No, I didn't know them, but I'm sure they had children. There could only be one reason they moved to a place with much higher taxes and housing prices for the same kind of house. I was definitely not engaging on this subject. I heard our buyer ask their lawyer what Sunny Patch was like. I concentrated hard on the documents before me. My husband and I did not say a word. Let them enjoy the moment and at least a couple of years of their little boy running around that amazing yard. If they find a private school they can handle, they'll be fine and could live in the house for a long while. If one of their kids turns out to have significant needs, though, it would be entirely different. As amazing as that house is, it wouldn't be enough to stay. And I say that having tried to figure out, tooth and nail, any way to stay.
I have not yet processed the events of the day and since I will be heading to Allie's in a few minutes, I can't stay long. She has prepared a huge celebratory feast! In a nutshell:
First, we closed on our house for sale! My lawyer said it was the fastest closing in the history of her career.
Second, Belac has been given an impressive IEP that reflects his progress but also his need for continued support. The district even offered to send an Aide to summer camp with Belac, which completely shocked me. In previous years, we always paid for his Aide ourselves.
Third, Allie and I are going to become neighbors! (Allie, promise me that we never ever fight without making up right away, cross-your-heart-hope-to-die, okay?)
I have been on the brink of tears every step of this day. I am blown away by our luck and full of gratitude. Thank you.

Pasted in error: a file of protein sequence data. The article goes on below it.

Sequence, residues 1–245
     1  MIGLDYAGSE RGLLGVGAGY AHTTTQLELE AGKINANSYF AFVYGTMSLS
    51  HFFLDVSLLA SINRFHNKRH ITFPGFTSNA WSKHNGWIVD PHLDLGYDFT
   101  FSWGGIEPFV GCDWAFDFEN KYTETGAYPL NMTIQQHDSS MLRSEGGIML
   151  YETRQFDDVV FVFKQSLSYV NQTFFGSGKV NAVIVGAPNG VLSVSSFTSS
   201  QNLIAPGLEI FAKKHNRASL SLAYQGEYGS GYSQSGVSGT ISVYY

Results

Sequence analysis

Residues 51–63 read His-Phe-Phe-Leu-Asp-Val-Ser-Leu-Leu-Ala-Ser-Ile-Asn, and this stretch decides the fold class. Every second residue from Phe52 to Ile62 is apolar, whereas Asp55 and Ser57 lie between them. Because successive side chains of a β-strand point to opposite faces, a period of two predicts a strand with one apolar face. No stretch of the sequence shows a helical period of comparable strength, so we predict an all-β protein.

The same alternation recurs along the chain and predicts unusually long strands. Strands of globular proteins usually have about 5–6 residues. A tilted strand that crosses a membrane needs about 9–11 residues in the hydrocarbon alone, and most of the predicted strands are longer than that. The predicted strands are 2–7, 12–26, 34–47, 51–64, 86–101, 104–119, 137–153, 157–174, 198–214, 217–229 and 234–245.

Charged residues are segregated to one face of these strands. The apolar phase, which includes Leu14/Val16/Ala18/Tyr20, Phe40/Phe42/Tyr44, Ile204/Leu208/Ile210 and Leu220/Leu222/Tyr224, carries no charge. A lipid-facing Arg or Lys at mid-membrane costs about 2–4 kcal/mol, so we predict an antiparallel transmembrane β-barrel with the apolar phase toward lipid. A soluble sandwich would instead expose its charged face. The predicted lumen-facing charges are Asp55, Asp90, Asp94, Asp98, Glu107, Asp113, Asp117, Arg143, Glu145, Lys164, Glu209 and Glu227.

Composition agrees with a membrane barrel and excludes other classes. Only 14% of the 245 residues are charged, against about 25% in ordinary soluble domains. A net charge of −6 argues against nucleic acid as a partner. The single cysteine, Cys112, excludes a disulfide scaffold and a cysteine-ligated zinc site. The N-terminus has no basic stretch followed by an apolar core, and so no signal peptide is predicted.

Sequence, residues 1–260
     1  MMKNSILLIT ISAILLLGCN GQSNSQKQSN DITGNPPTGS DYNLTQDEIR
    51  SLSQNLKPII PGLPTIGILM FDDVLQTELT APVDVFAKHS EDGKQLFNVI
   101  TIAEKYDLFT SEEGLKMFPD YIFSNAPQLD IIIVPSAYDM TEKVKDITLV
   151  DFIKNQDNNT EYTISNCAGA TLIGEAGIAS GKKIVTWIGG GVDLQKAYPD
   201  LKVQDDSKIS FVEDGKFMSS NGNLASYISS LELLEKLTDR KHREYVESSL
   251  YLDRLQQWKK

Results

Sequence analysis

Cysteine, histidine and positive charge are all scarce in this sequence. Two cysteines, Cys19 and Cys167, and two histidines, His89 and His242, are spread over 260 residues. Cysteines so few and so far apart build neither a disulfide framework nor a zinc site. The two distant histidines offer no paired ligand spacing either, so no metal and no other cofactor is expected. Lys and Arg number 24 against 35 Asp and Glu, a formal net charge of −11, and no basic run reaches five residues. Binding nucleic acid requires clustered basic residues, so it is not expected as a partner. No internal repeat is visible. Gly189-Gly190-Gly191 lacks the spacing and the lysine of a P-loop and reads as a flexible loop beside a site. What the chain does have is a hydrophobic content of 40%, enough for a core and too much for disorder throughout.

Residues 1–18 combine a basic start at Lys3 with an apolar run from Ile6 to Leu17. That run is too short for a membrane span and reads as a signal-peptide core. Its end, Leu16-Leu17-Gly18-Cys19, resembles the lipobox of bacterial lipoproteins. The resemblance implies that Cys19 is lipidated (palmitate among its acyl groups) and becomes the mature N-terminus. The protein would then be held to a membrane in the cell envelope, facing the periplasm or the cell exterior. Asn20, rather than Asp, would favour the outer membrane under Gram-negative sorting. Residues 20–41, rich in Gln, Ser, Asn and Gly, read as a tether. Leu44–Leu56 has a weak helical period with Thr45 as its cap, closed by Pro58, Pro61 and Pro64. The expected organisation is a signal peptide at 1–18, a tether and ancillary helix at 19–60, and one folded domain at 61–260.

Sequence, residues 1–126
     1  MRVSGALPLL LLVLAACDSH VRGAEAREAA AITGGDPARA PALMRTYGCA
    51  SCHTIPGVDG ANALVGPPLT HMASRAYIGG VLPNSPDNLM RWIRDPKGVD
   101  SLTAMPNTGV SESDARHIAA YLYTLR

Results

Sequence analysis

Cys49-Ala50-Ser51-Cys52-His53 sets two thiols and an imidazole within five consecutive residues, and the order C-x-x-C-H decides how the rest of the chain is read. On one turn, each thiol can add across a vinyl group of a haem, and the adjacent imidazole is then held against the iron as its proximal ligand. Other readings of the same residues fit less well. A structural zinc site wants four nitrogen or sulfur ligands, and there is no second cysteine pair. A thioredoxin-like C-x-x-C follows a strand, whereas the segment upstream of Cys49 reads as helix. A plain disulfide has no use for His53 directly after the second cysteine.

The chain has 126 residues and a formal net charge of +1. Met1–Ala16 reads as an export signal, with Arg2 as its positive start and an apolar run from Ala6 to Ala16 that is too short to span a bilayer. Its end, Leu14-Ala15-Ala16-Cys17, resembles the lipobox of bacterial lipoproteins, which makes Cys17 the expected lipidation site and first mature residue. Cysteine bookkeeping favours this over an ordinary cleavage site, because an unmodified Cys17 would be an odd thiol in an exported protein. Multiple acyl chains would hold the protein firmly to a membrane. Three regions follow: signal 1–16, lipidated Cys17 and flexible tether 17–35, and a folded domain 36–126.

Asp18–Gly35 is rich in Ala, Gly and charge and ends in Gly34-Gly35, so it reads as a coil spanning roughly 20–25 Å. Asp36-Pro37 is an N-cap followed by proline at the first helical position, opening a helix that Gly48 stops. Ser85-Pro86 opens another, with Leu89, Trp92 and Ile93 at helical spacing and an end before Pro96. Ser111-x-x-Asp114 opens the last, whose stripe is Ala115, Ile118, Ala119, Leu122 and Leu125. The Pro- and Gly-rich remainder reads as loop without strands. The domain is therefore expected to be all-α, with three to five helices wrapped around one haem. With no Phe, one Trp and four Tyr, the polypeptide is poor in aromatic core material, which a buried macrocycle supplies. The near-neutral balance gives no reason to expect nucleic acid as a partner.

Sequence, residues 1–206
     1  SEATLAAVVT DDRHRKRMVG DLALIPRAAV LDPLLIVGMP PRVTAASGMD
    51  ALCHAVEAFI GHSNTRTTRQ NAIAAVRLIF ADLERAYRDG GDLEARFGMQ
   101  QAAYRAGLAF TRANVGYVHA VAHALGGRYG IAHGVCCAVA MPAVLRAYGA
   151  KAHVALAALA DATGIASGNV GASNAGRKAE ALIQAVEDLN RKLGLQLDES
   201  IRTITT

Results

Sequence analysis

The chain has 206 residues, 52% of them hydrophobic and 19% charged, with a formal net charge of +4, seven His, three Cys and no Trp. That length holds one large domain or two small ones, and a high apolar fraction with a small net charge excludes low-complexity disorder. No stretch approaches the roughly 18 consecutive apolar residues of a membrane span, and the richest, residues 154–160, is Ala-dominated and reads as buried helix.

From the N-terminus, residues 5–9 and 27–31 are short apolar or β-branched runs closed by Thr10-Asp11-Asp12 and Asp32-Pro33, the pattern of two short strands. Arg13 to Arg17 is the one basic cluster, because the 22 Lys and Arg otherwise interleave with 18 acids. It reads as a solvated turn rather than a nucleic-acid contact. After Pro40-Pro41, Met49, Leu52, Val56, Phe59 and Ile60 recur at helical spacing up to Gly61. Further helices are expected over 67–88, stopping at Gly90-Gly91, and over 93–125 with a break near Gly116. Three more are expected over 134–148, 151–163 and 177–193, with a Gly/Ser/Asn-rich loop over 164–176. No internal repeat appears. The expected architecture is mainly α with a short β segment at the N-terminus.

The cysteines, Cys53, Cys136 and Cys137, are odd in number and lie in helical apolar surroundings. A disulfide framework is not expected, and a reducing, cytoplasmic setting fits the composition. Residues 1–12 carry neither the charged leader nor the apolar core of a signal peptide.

3 PM Meeting and Building Inspection of awkwardly charming house
Given how difficult it has been to sell our house (14-1/2 months on the market) I actually can't say that Belac's meeting is the most important thing, tomorrow. If we disagree about Belac's IEP, we can always come back armed with evaluations and papers, even a lawyer if need be. And Chris' house. Well, there's no pressing reason why it couldn't continue to drag on for another 2 months. We have a place to live for the next while.
I won't be so bold as to wish for a grand slam, tomorrow. But if we could just get our house sale to home plate, I will consider the day a great success. Anything else would be icing. Let's be clear though, in case the universe is listening. I'm not on a diet! I like icing.
Ever regret telling someone something? That's the thing. Once the cat is out of the bag, there's no shoving it back in. Over the years, I have regretted telling some people about Belac's diagnosis. They are usually the ones who are excited to put me in touch with the one person they happen to know who has some interest or exposure to autism and they just know we'll bond and become best friends forever. Or they speak to me in hushed tones in an overly chummy way about my mah-velous son. Nice and well-intentioned as these people are, they don't realize that their behavior is actually pretty self-serving. If they took a moment to assess, they might realize they aren't really helping matters.
So this is how I've come to be generally very careful about what I say to people I especially don't know well, almost secretive. You can also imagine how surprised and then dismayed I was, yesterday, when the mom of a student asked how the purchase on the house was going. Did I really tell her something about it? "You know," she clarified, "the house that needs papers?" Okay, I did say something. "Oh, we're still waiting..."
"I don't know, Gimky," she dove right in, "don't you just think you're waiting too long? I take that as a sign...." Of what? I forced a smile. The more I didn't say anything or get reeled in, the more she continued blabbing up worst case scenarios. We have a really good lawyer, I assured her. Yes, I know everyone is a crook. Yes, I know the house might cave in. And no, I don't want a fire to burn the entire house down. Yes, I know it's early in the season and I could go around and low ball other places we couldn't otherwise possibly afford...
She wouldn't stop, this woman! "You're right," I finally engaged, "we should be looking at other places."
When I finally escaped to my car, I breathed a sigh of relief. She was exhausting! Did she really think I hadn't already thought of all these things? Was there really nothing worth waiting for these days?